Big words, bigger picture, fine detail. A grand scheme for poetry writ large on a scaffolding banner on a building site in Edinburgh’s Canongate reveals the more adventurous side of the capital city. If you hurry – and I type faster – you might just be in time to vote for whose words adorn the site.
This is a collaboration between the Scottish Poetry Library and New Waverley and it shows shrewd and creative business sense on both sides. Culture meets commerce in a development which promises the new Royal Mile site will be ‘vibrant and cool’. The Scottish Poetry Library, in case you haven’t already found it, is the best of hidden treasures (currently closed for renovation) in Crichton’s Close, which should be on everyone’s city map.
There has been plenty of public disquiet about development plans in this part of town over the last few years but a healthy by-product is the blossoming street art (a new experience for Edinburgh city centre) which flickers and flares across construction hoardings. The arches in Market Street burst into life with Grafjam led by Work In Progress Edinburgh (WIPE), a community arts partnership made up of local residents and city artists.
I love the New Street Boards, a legal graffiti wall in New Street, a constantly changing gallery of mischief, comment and pure exuberant colour. Bold Reekie, as one striking cityscape piece declared earlier this year.
And now poetry:
On the morning of National Poetry Day (8 October), the Scottish Poetry Library, the team from New Waverley and the Edinburgh Makar Christine De Luca will unveil a poem on a 25 x 12 metre printed scaffolding sheet that will cover the front of the Sailor’s Ark building, found on the Canongate stretch of Edinburgh’s Royal Mile. This poem will stay up on the building until summer 2016, greeting all those who pass by. We’re calling the project Big Words.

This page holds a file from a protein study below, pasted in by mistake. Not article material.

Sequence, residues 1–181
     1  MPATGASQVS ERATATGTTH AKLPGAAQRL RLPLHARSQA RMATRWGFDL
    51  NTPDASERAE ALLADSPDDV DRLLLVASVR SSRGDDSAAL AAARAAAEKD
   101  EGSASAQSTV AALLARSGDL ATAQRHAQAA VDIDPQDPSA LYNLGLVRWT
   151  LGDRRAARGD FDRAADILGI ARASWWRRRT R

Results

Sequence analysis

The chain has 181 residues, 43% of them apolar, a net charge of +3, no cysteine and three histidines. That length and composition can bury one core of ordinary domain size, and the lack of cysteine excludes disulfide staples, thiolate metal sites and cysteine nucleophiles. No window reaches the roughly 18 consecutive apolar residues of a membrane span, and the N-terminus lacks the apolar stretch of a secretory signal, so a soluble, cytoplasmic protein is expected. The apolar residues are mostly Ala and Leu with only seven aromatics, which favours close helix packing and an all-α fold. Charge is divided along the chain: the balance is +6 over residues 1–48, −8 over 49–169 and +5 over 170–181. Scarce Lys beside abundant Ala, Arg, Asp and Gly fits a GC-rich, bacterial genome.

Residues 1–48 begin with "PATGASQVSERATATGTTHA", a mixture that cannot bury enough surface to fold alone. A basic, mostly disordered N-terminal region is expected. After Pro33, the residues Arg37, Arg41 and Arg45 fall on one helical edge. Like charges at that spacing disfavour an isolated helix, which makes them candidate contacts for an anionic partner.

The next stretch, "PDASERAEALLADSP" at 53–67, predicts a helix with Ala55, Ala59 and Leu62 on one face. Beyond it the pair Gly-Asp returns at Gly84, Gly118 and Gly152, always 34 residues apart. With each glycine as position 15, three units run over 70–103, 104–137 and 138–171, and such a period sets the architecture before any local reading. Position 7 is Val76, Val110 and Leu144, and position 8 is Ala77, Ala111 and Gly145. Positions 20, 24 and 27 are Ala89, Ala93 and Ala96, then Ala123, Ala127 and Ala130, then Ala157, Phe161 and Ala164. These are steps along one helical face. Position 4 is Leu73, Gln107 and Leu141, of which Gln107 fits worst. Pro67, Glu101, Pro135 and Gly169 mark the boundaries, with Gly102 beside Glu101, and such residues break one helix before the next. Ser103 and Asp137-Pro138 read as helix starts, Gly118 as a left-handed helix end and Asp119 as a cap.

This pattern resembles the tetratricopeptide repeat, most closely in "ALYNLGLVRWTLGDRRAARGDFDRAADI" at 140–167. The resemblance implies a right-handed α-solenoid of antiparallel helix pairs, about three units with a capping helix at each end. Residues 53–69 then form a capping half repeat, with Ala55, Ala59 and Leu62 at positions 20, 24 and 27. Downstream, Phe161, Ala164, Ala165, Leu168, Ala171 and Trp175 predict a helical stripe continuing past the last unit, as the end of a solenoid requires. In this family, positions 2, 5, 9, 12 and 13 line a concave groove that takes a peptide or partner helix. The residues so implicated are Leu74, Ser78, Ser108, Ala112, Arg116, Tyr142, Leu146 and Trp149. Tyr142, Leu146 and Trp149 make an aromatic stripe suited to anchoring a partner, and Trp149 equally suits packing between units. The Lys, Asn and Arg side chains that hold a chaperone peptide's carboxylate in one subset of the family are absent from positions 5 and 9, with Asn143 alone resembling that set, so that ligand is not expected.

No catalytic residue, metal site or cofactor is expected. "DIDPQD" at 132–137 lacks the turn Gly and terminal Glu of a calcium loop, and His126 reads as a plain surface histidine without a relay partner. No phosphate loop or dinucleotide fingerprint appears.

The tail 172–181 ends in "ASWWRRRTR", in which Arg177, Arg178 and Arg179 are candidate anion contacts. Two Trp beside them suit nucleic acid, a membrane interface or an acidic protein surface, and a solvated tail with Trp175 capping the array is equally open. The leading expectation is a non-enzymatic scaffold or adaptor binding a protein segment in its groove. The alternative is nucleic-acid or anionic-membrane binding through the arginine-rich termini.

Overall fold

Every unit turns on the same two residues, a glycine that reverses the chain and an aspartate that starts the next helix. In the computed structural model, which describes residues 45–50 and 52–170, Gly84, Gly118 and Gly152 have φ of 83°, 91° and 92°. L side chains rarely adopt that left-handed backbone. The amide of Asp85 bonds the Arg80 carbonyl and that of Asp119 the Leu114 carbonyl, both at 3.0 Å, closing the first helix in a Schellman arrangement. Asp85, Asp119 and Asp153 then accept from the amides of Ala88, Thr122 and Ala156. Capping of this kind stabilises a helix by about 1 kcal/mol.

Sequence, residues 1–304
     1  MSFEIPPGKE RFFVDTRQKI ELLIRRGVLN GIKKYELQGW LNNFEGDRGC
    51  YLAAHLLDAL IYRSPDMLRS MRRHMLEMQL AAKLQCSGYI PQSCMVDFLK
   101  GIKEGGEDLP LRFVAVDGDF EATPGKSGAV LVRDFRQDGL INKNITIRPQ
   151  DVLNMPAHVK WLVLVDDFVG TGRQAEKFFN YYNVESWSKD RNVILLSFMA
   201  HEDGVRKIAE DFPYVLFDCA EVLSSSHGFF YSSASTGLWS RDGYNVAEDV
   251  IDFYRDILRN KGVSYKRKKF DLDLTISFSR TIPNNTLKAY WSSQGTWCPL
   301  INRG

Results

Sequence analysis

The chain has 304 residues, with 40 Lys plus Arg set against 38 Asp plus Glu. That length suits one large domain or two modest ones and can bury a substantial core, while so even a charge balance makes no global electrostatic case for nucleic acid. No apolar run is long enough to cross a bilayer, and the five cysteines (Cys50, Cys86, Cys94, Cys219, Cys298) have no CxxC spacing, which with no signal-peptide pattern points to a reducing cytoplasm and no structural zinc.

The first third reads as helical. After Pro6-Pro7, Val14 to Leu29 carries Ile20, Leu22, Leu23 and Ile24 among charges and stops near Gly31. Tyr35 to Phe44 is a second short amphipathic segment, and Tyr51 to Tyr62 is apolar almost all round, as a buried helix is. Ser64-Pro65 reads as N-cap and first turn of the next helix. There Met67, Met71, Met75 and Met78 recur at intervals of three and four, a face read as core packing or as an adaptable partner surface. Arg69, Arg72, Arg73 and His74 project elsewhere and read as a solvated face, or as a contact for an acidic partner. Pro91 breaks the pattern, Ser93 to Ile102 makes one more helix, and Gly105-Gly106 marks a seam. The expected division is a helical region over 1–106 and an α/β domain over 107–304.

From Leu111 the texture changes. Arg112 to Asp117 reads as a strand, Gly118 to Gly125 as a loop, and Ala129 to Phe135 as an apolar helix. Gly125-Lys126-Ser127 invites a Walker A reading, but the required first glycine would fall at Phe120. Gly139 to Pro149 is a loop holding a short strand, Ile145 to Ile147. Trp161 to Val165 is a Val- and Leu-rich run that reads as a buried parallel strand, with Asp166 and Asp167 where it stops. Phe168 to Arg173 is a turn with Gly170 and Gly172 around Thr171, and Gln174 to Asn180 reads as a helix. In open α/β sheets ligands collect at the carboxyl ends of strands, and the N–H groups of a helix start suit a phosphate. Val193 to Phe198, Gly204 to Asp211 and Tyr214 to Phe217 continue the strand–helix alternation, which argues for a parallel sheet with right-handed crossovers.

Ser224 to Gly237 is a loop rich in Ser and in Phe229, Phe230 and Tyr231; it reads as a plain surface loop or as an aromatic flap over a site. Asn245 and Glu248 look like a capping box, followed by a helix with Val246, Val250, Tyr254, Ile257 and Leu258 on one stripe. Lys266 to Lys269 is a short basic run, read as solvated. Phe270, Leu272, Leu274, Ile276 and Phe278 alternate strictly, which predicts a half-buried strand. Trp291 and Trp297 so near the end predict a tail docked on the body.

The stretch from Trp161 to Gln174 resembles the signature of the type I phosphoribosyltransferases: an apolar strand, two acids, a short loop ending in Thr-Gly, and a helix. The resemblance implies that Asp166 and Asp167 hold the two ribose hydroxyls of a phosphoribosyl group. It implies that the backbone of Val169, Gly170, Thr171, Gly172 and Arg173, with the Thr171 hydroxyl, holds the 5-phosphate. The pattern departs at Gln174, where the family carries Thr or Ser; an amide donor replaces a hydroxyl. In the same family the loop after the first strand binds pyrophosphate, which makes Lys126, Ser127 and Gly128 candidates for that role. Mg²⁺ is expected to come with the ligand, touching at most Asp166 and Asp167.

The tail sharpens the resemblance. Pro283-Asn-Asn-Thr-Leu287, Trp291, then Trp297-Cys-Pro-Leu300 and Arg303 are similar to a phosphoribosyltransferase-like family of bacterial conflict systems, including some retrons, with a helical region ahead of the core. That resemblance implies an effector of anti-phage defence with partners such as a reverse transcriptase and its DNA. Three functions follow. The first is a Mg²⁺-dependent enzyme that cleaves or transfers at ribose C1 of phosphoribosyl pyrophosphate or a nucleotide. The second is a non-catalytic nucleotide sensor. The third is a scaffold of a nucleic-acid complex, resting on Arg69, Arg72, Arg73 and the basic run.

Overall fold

The clock is ticking even as I type. By the time you read this it may well be too late to vote – the deadline is midnight on 24 September – but we can all look forward to the great unveiling. I’ve made my choice. Which one did you pick, or would have chosen? Which one of these poems will be revealed on 8 October?
‘Why don’t you take my question seriously – ?’
‘ – a black hole, a dream, a conceptual universe,
By Edwin Morgan, the Glasgow boy who became the first Scots Makar, constructs a foundation stone of limitless proportions, melding what Scot Poetry Library eloquently calls ‘ ephemera of the day with the very stuff of dreams.
I had to get nearer the sky,
For the city was too full of rooms
By Margaret Tait, experimental filmmaker and poet, born in Orkney, A beautifully succinct expression of personal yearning that would fit well on the building
beyond the turning earth
and up into the whirling stars
by Elizabeth Burns, the poem’s imagery begins with the spinning of the potter’s wheel sweeping us upwards. Elizabeth Burns spent much of her life in Scotland but lived and worked in Lancaster where she taught creative writing.
spires and tenements stacked on your spine,
the castle and the palace linked by one rope.
by Valerie Gillies, second Edinburgh Makar (2005-8) pays tribute to the ‘spatchcock town’ which is both home and festival centre with ‘windy mazes’, ‘crooked close and crowded mile’.
They are all fine works which could work well on the wind-battered sheeting. But for me there is only one choice.
sweat the felt screed the cement
pack the joist level the cleat
eat the piece hammer the nail
by William Letford, roofer and poet, who won a New Writer’s Award from the Scottish Book Trust and an Edwin Morgan travel bursary which took him to Italy where he spent three months helping to restore a mountain village in 2008. I can picture both William Letford (piece half eaten, hammer in hand) and his words working on the Canongate building.